“Forgotten Hollywood”- A Movie Studio with Substance…

Posted on November 2, 2013 by raideoman1 | No Comments

Manny P. here…

   One Hollywood film studio has commanded A-list talent since its inception — Elizabeth Taylor, Morgan Freeman, Sandra Bullock, Michael Douglas, Nicole Kidman — and they all worked for free. What studio head has such pull? It’s Rabbi Marvin Hier, the mini-mogul of Moriah Films, the movie division of the Simon Wiesenthal Center.


   Founded by Hier in 1981, Moriah Films has won two Academy Awards for their historical documentaries. He established the movie studio a few years after opening the Wiesenthal Center in 1977. He planned a slide show about the Holocaust, when Fay Kanin, then president of the film academy, suggested he consider making a movie instead. US Senator John Warner was involved with the Wiesenthal Center at the time, and was married to Elizabeth Taylor. She became the narrator for Genocide, which won the Oscar for Best Documentary Feature.

   The dozen movies Moriah Films has made attracted such notables as Michael York, Kevin Costner, Whoopi Goldberg, Brooke Shields, Dustin Hoffman, Anne Bancroft, Richard Dreyfuss, Patrick Stewart, Ed Asner, Martin Landau, and Ben Kingsley. Its latest production, The Prime Ministers: The Pioneers, featuring the narration of Sandra Bullock and Christoph Waltz, opens Wednesday in Los Angeles, and travels to more cities next month. Kingsley, Douglas, and Waltz, have offered their talents a couple of times.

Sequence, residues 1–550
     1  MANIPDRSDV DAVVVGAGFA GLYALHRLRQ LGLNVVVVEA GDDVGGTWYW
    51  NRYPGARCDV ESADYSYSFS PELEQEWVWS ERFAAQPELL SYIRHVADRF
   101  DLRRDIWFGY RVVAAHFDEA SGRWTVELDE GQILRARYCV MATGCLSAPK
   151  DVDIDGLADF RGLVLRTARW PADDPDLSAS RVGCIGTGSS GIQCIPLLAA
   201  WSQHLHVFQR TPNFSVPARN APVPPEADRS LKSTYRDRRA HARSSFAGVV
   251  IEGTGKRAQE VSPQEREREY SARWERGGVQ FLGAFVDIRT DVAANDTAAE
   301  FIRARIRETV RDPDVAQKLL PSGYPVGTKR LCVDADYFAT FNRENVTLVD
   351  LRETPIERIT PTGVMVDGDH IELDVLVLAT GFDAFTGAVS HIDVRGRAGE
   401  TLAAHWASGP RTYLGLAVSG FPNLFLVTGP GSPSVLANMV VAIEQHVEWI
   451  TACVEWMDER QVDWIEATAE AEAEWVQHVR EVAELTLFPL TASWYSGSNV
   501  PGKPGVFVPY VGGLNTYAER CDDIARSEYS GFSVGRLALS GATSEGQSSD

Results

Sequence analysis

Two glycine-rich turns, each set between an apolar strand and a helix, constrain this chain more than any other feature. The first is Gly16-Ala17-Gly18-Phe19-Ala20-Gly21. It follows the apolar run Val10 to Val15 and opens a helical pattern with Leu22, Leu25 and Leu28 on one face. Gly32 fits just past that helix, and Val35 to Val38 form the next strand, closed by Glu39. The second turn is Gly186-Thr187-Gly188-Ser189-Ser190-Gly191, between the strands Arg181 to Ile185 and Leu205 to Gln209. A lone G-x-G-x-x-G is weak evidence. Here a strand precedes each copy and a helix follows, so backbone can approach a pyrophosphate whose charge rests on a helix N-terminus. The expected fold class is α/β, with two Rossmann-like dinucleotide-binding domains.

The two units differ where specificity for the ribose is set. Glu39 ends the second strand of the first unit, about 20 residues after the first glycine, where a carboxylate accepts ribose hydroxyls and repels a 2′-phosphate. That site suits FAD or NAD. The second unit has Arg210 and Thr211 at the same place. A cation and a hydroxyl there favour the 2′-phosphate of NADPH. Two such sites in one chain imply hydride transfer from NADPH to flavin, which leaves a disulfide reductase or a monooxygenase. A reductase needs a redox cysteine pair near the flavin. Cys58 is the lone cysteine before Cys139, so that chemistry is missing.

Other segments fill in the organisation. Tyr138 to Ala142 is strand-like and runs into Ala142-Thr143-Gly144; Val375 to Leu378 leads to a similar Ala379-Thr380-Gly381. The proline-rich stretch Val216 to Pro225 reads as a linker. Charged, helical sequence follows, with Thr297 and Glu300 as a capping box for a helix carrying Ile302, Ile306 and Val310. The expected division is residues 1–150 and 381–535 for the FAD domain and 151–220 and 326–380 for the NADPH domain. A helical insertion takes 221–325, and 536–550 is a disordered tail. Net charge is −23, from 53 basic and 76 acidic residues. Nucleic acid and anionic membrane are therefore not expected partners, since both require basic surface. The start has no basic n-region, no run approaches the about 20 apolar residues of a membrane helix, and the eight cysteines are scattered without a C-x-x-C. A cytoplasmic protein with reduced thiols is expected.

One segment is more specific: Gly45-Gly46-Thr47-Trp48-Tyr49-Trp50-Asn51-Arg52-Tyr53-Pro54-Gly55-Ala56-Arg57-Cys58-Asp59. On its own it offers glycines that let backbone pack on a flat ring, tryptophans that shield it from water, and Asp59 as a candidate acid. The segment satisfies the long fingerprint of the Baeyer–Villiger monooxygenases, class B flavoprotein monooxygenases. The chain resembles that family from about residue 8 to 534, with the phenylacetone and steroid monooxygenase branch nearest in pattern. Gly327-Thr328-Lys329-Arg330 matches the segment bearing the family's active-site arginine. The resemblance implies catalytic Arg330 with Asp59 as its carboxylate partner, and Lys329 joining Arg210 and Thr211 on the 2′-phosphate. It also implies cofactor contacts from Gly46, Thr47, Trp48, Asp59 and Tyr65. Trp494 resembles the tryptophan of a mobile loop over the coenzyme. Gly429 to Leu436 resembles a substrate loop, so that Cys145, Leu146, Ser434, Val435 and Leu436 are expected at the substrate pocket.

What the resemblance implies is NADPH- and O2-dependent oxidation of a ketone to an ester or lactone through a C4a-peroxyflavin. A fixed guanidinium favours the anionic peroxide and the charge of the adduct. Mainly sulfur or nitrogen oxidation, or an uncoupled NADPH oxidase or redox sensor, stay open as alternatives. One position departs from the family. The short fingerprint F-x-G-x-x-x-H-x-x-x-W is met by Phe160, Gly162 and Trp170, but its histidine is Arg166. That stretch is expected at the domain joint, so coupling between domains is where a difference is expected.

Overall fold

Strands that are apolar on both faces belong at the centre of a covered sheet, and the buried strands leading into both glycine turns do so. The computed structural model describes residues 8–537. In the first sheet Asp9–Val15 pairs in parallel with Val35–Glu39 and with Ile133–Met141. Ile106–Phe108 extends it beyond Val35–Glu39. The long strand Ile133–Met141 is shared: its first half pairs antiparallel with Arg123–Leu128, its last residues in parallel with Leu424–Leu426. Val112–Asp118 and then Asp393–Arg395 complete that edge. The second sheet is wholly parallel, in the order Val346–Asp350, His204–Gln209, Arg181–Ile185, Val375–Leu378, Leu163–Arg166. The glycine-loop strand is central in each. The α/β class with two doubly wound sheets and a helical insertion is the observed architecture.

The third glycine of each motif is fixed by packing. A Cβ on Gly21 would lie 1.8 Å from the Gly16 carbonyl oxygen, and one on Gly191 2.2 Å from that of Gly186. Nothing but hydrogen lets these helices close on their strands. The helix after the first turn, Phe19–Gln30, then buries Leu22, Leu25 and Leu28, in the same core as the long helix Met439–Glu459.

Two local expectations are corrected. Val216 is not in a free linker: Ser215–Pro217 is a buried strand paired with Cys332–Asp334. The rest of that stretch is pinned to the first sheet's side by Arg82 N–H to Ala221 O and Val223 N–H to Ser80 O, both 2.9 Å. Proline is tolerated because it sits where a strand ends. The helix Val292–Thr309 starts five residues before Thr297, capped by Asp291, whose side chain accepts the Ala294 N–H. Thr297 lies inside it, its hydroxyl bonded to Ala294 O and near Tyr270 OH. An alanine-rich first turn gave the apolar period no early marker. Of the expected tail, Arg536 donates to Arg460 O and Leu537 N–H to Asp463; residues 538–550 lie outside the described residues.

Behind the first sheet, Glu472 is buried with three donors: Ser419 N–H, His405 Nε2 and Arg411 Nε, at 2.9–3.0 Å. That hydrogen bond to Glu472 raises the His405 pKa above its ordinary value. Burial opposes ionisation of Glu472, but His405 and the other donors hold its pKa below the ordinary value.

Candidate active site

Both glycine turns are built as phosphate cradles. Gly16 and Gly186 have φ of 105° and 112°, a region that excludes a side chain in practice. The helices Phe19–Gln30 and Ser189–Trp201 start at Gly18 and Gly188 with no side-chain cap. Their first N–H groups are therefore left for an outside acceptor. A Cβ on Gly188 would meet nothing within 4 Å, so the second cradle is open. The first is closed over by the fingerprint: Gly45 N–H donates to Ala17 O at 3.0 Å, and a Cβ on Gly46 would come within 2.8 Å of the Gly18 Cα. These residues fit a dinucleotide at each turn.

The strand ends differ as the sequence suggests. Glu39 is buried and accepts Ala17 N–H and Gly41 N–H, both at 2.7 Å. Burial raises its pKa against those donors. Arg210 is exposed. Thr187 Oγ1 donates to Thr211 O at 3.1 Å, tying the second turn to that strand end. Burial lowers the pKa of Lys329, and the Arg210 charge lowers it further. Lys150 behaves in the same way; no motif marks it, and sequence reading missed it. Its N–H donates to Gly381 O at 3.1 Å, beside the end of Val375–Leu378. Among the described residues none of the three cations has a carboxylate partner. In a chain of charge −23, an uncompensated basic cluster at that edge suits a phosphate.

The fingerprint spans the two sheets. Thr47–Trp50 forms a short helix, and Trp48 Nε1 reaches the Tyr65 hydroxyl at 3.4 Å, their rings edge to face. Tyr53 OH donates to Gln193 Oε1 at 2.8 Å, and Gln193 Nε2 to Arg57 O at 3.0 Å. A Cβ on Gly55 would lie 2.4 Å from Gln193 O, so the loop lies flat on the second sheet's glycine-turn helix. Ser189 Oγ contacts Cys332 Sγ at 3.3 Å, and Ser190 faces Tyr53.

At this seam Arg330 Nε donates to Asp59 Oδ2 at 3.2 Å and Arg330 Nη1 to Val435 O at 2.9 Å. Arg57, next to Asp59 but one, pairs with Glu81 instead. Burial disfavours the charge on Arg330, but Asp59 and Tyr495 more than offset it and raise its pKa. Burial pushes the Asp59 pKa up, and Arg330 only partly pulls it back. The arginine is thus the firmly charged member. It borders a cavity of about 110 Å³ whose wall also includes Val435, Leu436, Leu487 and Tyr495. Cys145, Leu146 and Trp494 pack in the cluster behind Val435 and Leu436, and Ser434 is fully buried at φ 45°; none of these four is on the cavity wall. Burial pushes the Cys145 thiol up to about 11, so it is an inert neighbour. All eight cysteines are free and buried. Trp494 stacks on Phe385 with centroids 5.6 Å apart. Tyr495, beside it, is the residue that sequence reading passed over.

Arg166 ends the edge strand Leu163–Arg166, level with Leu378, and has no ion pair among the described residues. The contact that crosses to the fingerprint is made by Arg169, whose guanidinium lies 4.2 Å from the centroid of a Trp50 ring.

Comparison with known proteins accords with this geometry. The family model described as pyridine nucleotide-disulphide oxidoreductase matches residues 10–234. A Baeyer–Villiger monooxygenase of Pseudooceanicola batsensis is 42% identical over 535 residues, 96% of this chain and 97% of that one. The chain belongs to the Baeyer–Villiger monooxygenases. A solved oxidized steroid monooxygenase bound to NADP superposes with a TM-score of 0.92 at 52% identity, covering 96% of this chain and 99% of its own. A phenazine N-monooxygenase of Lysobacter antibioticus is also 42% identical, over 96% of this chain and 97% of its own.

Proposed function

The Wiesenthal Center, a human-rights organization providing Holocaust education and fights anti-Semitism, began its deep ties to Hollywood when Frank Sinatra and Taylor were on the original board of directors and made introductions throughout Hollywood. Today, movie moguls Jeffrey Katzenberg and Ron Meyer link the Wiesenthal Center to the film community. Moriah’s productions have been screened theatrically, and broadcast around the world on Showtime, HBO,Starz/Encore, as well as, German, French, Russian, Chinese, and Israeli television outlets.

   Hier has fond memories of watching Roy Rogers’ pictures at New York’s Palestine Theater as a boy, and remains a movie fan today. But Moriah Films aims to do more than entertain. He said it’s important to put Jewish history on film to reach worldwide audiences for years to come.

   We have to agree…

Until next time>                               “never forget”

This entry was posted on Saturday, November 2nd, 2013 at 1:35 am and is filed under Blog by Manny Pacheco. You can follow any comments to this post through the RSS 2.0 feed. Responses are currently closed, but you can trackback from your own site.

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